Cover Profile: Daniel Savage

Cover Profile: Daniel Savage

February’s FFF cover image was created by Los Angeles based designer & animation director Daniel Savage. He took the time to answer some of our questions about his work.

Tell us a little about you.

I’m from NY but recently moved to LA with my wife. We have a dog named Pinot Dogio. I’m a Leo. I went to college for drums but quit to make dumb pictures instead.

How do you approach a new project like this cover illustration?

When it’s an open brief I usually do a variation on something I’ve been exploring on my own. So these characters climbing on top of each other has been evolving over the past few months. It’s sort of a reaction to my NYC -> LA migration. I still walk everywhere and I’m usually the only person on the street. It’s peaceful but I sometimes miss the chaos, so I’ve been adding it to my drawings.


How does this compare to your approach to client work?

I try to be clever with my client work. So I’m usually trying to find a visual pun or metaphor to express within the thing I’m designing for, whether thats an article or an ad. I try to be obvious about it in a smart way. The personal work is more abstract and open to interpretation.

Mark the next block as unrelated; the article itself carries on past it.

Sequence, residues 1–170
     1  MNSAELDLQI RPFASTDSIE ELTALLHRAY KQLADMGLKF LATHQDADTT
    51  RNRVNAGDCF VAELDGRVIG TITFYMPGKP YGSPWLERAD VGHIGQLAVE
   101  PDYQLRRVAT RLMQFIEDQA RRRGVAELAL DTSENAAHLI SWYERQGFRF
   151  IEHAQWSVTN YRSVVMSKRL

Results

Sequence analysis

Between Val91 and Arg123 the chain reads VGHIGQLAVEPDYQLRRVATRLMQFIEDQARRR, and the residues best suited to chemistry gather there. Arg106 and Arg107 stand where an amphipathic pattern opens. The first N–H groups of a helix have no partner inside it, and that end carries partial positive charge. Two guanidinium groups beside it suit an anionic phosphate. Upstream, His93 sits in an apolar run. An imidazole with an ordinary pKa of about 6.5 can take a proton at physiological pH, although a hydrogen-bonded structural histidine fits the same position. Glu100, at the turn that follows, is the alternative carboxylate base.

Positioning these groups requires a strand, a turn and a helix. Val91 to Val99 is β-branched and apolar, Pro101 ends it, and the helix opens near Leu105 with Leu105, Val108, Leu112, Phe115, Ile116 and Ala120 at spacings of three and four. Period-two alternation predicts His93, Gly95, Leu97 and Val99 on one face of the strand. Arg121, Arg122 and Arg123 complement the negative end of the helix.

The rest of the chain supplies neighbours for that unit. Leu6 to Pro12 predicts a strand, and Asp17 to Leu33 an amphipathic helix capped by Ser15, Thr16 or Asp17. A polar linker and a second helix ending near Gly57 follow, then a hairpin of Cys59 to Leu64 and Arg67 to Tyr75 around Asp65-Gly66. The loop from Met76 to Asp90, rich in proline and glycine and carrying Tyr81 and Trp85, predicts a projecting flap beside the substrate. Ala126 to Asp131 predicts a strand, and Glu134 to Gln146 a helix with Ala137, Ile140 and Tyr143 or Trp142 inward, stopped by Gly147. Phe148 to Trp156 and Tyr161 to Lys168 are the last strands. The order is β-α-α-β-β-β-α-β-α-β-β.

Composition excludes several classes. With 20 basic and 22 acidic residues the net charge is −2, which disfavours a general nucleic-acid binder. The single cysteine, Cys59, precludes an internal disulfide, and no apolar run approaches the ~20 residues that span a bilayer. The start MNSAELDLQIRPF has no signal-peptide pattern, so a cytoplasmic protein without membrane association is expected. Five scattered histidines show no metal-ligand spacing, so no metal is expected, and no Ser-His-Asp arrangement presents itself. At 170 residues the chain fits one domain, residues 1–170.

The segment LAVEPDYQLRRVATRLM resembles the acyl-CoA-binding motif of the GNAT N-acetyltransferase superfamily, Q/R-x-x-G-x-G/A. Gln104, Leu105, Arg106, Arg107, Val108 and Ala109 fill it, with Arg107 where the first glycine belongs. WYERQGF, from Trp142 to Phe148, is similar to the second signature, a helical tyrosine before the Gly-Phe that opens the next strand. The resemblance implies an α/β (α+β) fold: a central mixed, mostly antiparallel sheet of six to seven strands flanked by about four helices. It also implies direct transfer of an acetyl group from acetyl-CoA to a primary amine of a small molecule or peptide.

Do you try to get feedback from the client at an early stage?

I’d say it varies. With animation it can be more of a collaboration, sharing the process as it goes. With illustration once they pick a sketch I like to show something I’d be fine with going to print.

Do you focus on one project at a time or are you a multi-tasker?

Right now I count 5 at various stages, they are all relatively small so it’s not too much to manage. Plus I run Mixed Parts.


Do you think it’s important to find time for personal projects and why?

It’s important if you enjoy it. I know plenty of people with admirable careers who never do personal projects.

What do you listen to while you work?

Usually nothing. I can’t think while music is on. If I do have music on its mostly jazz like Coltrane or Monk. Or something folky like Doc Watson.

What would be your dream project?

If we’re talking hypothetical, I have a billion dollars to do anything I want? I guess I’d design a theme park or a kids museum. But it would be reminiscent of old Disneyland, politically incorrect and unsafe.


What’s your workspace like?

It’s the second room in my LA apartment. I had a separate studio space in NYC but now I have a big apartment and I like to avoid traffic. It’s a total disaster right now so no photos.

What do you do to switch off?

I see stand up comedy at least once a week. It’s an escape for a couple hours and any bullshit you were stressing about vanishes.

Finishing off with a classic but always useful question, what’s the most important piece of advice anyone has given to you about your work?

“Freak your key frames” Salih Abdul-Karim showed me how to add exaggeration and contrast to my animation when I was 21.

Glenn Garriock

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